Siemens’ outsourcing unit is snapping up some of South Africa’s brightest open source minds as it readies to offer large-scale open source services to clients. Going, as it does, head-to-head with the likes of IBM and T-Systems, the company is hoping its open source strategy will find a new niche in an already highly-competitive market.
“Previously Siemens was a wholly Microsoft house and there was no inclination to offer open source,” he says. Recently, however, Siemens identified open source as having a “very viable business case”.
Siemens already has in place partnerships and agreements with Red Hat, Canonical and enterprise content management suite providers Alfresco.
With a Red Hat partnership in place Siemens will also be looking to use JBoss in place of WebSphere for its middleware needs.
With the “Softnet PN-IO Linux” software controller from Siemens, it is possible to set up open control solutions on standard PC hardware.
Siemens’ IT services arm will use SUSE Linux over Unix as the de facto operating system for running 350 business-critical SAP systems and 120,000 user accounts – along with numerous web applications, web servers and Oracle database servers.
The package, likely to come in under £1,000 will include a desktop PC running Linux.
The cruel might suggest this amounts to a lifetime support promise.
The even crueller might suggest having to use Linux and a chopped down set of apps might hasten the shuffling off of this mortal coil.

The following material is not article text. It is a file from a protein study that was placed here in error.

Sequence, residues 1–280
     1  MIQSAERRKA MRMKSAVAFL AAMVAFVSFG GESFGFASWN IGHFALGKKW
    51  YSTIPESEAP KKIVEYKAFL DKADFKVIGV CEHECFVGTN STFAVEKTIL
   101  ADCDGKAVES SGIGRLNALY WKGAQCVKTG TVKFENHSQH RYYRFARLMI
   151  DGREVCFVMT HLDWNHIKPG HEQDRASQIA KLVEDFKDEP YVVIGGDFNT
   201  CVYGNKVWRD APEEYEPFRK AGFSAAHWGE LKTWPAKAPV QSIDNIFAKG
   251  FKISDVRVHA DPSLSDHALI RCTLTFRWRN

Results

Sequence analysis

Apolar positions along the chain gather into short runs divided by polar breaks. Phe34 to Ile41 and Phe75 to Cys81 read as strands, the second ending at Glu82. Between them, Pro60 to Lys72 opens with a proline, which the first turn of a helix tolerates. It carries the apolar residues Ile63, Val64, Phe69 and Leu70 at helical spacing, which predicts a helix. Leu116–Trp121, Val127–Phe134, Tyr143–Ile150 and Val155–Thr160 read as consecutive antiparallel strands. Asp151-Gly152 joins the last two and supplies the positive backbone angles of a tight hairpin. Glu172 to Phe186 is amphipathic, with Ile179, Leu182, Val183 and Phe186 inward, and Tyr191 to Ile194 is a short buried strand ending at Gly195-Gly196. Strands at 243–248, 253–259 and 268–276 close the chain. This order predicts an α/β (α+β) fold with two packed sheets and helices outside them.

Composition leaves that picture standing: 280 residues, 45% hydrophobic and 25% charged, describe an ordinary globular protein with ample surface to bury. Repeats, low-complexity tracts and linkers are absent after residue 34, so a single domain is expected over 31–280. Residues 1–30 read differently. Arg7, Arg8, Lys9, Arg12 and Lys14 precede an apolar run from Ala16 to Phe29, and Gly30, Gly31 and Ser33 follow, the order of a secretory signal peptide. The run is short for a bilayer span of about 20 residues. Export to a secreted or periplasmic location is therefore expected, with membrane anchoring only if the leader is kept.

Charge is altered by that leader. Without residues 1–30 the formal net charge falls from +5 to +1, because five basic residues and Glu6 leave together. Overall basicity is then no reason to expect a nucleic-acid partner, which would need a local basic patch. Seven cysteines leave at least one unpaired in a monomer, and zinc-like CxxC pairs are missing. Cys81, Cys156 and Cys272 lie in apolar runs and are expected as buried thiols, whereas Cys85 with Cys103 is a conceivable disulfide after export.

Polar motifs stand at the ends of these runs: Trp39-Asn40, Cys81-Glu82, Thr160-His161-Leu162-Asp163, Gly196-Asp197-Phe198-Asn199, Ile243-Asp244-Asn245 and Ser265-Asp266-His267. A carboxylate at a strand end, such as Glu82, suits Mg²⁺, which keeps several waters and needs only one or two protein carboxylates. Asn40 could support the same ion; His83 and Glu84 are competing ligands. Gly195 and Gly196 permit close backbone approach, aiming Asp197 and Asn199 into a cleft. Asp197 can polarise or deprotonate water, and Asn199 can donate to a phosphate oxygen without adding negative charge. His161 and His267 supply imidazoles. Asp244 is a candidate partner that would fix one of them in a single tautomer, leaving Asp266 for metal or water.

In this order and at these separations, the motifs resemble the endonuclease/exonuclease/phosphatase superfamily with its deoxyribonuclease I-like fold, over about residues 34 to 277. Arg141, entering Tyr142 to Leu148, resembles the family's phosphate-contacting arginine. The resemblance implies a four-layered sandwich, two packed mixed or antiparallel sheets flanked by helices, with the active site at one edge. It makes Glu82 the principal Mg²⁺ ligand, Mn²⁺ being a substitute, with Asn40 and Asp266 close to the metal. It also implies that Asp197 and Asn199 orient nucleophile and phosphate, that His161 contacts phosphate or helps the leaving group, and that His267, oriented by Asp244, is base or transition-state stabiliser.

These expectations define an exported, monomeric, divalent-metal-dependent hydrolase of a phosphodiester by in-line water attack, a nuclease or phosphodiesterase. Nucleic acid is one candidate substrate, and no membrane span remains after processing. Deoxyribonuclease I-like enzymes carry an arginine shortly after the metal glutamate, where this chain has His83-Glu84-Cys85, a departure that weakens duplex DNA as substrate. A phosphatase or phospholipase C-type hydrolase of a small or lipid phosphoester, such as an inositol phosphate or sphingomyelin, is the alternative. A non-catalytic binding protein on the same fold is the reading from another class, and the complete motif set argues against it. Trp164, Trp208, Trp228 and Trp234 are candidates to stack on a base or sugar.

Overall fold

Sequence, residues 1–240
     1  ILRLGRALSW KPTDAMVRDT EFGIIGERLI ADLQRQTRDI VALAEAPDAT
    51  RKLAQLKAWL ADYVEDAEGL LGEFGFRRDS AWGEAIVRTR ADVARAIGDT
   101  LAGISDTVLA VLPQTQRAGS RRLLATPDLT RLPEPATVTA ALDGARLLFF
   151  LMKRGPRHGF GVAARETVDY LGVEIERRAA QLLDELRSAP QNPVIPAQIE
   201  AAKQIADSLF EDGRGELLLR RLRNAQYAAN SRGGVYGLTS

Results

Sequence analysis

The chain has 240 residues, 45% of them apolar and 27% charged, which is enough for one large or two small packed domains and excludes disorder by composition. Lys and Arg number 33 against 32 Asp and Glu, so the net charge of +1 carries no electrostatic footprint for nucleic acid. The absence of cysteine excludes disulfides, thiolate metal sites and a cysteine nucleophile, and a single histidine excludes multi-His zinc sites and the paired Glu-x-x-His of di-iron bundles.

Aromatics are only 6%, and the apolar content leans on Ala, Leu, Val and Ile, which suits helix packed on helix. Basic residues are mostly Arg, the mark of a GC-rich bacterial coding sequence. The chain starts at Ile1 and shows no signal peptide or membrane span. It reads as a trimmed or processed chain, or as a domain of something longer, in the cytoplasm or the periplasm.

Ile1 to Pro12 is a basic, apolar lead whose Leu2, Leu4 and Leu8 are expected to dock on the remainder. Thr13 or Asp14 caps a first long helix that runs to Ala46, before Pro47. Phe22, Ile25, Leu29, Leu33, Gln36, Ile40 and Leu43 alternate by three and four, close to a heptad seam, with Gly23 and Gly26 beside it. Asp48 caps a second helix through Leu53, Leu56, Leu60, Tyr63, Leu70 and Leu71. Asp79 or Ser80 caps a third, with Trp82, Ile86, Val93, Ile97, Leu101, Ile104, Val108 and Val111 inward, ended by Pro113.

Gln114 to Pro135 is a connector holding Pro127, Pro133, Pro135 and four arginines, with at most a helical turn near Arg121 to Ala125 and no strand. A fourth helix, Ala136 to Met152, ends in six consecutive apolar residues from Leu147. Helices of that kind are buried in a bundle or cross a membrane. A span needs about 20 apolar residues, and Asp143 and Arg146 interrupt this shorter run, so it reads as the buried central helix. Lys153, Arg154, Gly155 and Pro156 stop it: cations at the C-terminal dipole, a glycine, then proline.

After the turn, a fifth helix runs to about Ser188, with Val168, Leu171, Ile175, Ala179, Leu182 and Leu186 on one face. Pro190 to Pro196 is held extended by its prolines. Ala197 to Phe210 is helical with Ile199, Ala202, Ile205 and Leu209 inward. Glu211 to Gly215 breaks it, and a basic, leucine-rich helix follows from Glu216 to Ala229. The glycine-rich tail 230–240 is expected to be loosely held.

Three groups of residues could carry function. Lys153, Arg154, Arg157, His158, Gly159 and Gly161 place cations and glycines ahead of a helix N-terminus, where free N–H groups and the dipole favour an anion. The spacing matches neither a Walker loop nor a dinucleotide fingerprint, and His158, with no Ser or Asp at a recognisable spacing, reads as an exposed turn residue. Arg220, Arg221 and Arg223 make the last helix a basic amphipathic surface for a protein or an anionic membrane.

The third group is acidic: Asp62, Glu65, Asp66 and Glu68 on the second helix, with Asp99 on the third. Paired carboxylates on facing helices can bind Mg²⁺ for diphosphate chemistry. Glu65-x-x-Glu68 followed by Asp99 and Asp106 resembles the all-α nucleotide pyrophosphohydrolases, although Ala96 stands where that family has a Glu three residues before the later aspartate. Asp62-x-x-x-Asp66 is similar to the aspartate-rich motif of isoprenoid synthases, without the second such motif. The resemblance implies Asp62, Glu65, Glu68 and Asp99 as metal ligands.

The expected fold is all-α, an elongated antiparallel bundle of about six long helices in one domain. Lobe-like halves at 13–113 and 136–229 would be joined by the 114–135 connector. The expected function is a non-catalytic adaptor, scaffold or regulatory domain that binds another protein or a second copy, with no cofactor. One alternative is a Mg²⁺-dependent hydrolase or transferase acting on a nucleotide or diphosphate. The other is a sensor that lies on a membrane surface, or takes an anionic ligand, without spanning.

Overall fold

Still, at least without Windows the punters won’t be forced to contemplate the Blue Screen of Death.
Siemens of Switzerland is shipping three hardware/software reference designs for Internet protocol set-top boxes (IP-STBs). The STB-7100-series designs run Linux 2.6 on a SuperH-based processor, and support standard- and high-definition content, along with multiple access technologies, including DSL, cable, and DVB-T (digital video broadcast — terrestrial).
This free Webinar will highlight the management issues that are typically encountered when running software regression tests on Linux, followed by best practices and tactical recommendations from industry leader Fujitsu Siemens Computers.
MontaVista’s portfolio contains three Linux editions: Mobilinux, an edition optimized for use with mobile handsets and other wireless mobile devices, Carrier Grade Linux, designed for telecoms and other network companies, and MontaVista Linux (Professional Edition) for other kinds of embedded devices.
It’s obvious that software problems are much less expensive, time-consuming, and aggravating when identified and corrected during testing rather than in post-production. Finding a way to address and automate as many of the minute difficulties associated with Linux software testing as possible will turn a necessary but time-consuming and arduous feat into a smaller and more manageable process.
“Fujitsu Siemens Computers is Europe’s largest IT manufacturer, with a particularly strong public sector presence. The same profile applies to Collax with its Linux-based server solutions”, explains Collax CEO Olaf Jacobi. “This collaboration will thus provide both companies with a solid basis, enabling them to use the combination of hardware and software to recruit new customers.”
“With a market share of over 22%, we have the second largest share of the German server market, and have been successfully working the Linux market for some time”, notes Jens-Peter Seick, vice president, Enterprise Server Business of Fujitsu Siemens Computers. “And it is precisely in this market sector that our collaboration with Collax will facilitate the development of synergies which will primarily benefit resellers and system integrators.”
Collax develops Linux server solutions which can be operated and maintained without Linux know-how.
Simplified Linux Licensing Enhances Flexibility In The Dynamic Data Center